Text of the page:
Interview: Would-Be Mayor Scott Stringer Loves Busways, Hates Placards, and Wants an Affordable City
The city's green-eyeshades guy spoke to TransAlt's Jesse Singer about what shakes (including the BQE).
Jesse Singer, editor of Transportation Alternatives’s Reclaim Magazine, recently sat down with Comptroller Scott Stringer, New York City’s chief fiscal officer and a candidate for the mayoralty. They talked about his solid plan for the crumbling Brooklyn-Queens Expressway, busways, bike lanes, placards, and all things transportation. Adapted from the new issue of Reclaim, the in-house magazine of Transportation Alternatives (which all TransAlt members get for free at transalt.org/membership).
This issue of Reclaim is about the peril and potential of the city’s aging highways. Looking at the BQE as an example, can you talk us through your plan?
The history of this is that the city basically had a “Robert Moses” concept of what a new BQE would look like — the new BQE would be the same as the old BQE. But if we’re really going to think about changing the car culture, breaking the car culture, the agenda should not be about adding lanes but reducing lanes, adding park space, and transportation alternatives.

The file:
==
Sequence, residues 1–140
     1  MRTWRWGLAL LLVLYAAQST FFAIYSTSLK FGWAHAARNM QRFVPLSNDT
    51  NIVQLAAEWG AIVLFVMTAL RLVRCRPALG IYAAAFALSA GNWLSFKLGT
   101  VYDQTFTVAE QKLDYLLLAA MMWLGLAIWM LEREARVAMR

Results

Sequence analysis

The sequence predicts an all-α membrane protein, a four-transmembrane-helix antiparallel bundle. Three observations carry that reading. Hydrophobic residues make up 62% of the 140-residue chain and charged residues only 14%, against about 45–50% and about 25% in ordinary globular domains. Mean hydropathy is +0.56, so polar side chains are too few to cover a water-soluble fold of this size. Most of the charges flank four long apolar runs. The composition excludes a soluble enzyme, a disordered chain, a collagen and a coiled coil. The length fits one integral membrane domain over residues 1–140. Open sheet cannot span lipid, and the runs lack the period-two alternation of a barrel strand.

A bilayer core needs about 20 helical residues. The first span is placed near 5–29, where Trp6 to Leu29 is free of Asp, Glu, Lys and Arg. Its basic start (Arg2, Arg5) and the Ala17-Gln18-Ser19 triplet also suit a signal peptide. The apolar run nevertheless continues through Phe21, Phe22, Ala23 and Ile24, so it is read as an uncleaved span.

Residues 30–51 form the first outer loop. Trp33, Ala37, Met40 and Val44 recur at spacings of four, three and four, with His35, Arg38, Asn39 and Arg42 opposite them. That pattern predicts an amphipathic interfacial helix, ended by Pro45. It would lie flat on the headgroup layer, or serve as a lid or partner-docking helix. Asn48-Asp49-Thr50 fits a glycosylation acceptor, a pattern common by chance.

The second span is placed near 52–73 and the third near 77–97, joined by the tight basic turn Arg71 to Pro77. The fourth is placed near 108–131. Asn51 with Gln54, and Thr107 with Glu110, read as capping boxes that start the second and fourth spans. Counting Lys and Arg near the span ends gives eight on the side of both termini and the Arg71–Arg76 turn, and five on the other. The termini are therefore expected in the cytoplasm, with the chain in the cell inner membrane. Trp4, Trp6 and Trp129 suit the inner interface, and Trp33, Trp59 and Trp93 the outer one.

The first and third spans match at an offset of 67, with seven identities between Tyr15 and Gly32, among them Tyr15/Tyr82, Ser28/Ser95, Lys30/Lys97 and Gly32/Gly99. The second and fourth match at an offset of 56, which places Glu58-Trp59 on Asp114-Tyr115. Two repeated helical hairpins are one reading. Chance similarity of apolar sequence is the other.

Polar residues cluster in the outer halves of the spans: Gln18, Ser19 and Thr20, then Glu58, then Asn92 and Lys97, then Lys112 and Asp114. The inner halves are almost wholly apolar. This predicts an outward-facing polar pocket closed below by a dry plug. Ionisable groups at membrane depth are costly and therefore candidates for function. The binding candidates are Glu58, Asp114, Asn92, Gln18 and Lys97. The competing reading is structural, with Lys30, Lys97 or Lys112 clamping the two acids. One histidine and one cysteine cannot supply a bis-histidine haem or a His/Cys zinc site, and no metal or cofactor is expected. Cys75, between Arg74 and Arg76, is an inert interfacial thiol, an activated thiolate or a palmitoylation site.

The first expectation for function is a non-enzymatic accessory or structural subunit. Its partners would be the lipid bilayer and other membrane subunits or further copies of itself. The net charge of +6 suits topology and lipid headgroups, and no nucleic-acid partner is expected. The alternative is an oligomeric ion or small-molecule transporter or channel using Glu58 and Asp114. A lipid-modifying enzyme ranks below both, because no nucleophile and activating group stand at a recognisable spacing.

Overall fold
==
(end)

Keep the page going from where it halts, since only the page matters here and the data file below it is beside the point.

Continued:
That is basically the concept that we came to the BQE with. We wanted to make the repairs faster and more efficient, so we isolated the repairs to the third cantilever — a truck-only throughway. And we wanted a new park running through all the neighborhoods, and that really to me is the best part.
We want real transportation alternatives, we want an environmentally-friendly city, but in order to get there, we’re going to have to do things that we really haven’t been asked to do in the modern city.
The question — not just for the BQE but for other super-highways around the city and around the country — is how do we go about ending car culture, first by reducing lanes and then by fundamentally changing the transportation infrastructure in the city?
The number of car registrations is up, and so is the size and miles-traveled of the city’s fleet. City officials are handing out more parking placards than ever. How do we change the car culture?
If it were up to me, we would just slash the [number of ] placards in half, review every single placard, and every time you did away with a placard, you removed a car from the street.
While there are obviously essential needs for cars in city government, not everybody with an excuse should have a car and a placard. It’s an outdated way of serving the city. The way you invest in the city is by getting more people to use public transportation and city workers should be first and foremost in that line.
That is also true of rising car registrations. We need to build a transportation infrastructure where people can go from the car to another form of transportation, whether that’s bike lanes or a working subway system.